From the late General Ansumane Mane, a former lanky Army Commander who overthrew the late ex-President Joao Bernado Vieira in 1999 it had been one army mutiny or the other. Late Vieira himself was a former Army Chief who toppled the first President the late Luis Cabral. Mr Vieira who returned home after many years in exile in Portugal won the 2005 presidential elections. The late President (popularly known as Nino) was killed by renegade soldiers in March 2009 in an apparent well-planned revenge attack. He was having a running leadership tussle with his Army Chief General Tagme Na Waie and a bomb attack killed the army chief of staff in bloody circumstances. Vieira was accused to have masterminded the tragic assault as General Ibrahim Babangida is still being accused of eliminating via parcel bomb the intrepid journalist Dele Giwa in 1986.
But hours after that horrific incident a detachment of soldiers loyal to the murdered army commander launched a desperate attack on Vieira which led to his death. Reports had it then that his body was butchered in his aged mother’s home where he ran for cover! Today Malam Bacai Sanha is the elected President and he has as Prime Minister Carlos Gomes Junior who in a political crisis in April this year was briefly detained by some mutinous soldiers. Led by the second-in-command they replaced the armed forces chief accusing him of corruption and high-handedness. They threatened to kill the Prime Minister if anybody protested his abduction! There is a relative peace now in the country even though the political instability of the past has made the country a trans-shipment point for Latin American drugs.
Apart from the problem of drugs people-traffickers use Guinea Bissau’s remote coastline to smuggle migrants, including Asians, to Europe. At a point the US government named two top military officials as international drugs traffickers freezing their US assets. With the new government in place it is hoped that the issue of drugs and the latin American trans-national peddlers would be discouraged to continue business as usual.
Guinea Conakry is equally unlucky when it comes to good leadership and responsive government. After her independence from France in 1958 the late autocratic leader Sekou Toure cut off all French links preferring the defunct Soviet Union instead. Toure used repression to put down any dissent mismanaging the economy in the process. His death in 1984 ushered in another military dictator the late Lansana Conte who later transmuted to a civilian President. The poor country but rich in mineral resources endured many decades of brutal dictatorship (military and civilian) under the late Lansana Conte.
And when he died (out of a secretely-guarded pre
sidential infirmity that confined him to a wheelchair before his demise) the military led by a young abrasive captain Moussa Dadis Camara siezed power effortlessly in December 2008. The erratic army man who confessed having sold kolanuts for a living in the past took leadership to an all-time low with his bizzare way and methods. But he was popular when he came in. In the first few months of his administration, Capt Camara sought to further boost his popularity through a very popular crackdown on the Guinean drug-trafficking industry.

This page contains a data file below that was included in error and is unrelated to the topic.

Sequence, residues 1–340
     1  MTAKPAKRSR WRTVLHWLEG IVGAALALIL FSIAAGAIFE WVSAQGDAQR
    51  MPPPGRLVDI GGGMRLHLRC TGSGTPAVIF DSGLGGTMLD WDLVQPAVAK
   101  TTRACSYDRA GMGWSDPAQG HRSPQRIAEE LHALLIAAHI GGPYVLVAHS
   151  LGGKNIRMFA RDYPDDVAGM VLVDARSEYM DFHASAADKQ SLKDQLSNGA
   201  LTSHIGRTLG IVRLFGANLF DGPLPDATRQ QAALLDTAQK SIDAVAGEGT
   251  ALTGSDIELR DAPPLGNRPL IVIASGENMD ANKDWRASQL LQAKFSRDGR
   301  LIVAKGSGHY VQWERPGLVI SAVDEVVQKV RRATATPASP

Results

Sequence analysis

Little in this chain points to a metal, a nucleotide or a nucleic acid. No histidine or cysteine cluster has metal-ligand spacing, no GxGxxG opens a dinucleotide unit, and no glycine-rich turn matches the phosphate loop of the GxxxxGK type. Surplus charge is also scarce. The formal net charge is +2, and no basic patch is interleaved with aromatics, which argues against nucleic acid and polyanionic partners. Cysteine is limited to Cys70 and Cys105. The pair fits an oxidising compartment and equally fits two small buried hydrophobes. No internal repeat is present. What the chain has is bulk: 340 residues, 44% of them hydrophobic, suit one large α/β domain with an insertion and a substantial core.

The high point of this patriotic move was when he arrested and paraded live on state television the son of the deceased President Lansana Conte, Ousmane, accused of being a drug-trafficking kingpin and his ring of traffickers quizzing them and making some political capital out of a serious issue trivialised. The late President’s son confessed his involvement in the narcotics business and Capt Camara’s outlandish approach was applauded by the pauperized Guineans tasty for true democracy.
Captain Camara was shot and wounded in the neck area by his ADC who was angry that he was bearing the whole blame for the stampede and killings in the stadium in the capital where opposition protesters were brutally suppresed and killed in their hundreds. Camara was hospitalised in Morroco for some months and his deputy, General Sekouba Konate took charge. The assassination attempt on Camara saved Guineans from his plans to drop his military uniform and contest the presidential polls a la Lansana Conte.
The first round of presidential elections were held in June 2010. A second round has been scheduled for 19 September and campaign is in high gear. Ex-prime minister Cellou Dalein Diallo will face the veteran politician Alpha Conde. Diallo came first in the first round of ballotting while Conde scored a distant second prompting the run-off.
The veteran opposition leader Conde and his supporters are claiming that Diallo represents the interests of forces that have conspired to deny the country of steady progress and development.
Whoever wins after the re-run of next week Sunday will have his hands full of responsibilities and high expectations of Guineans. The most urgent happens to be the reform of the military and the establishment of deterrent measures that will put cocaine dealers out of business.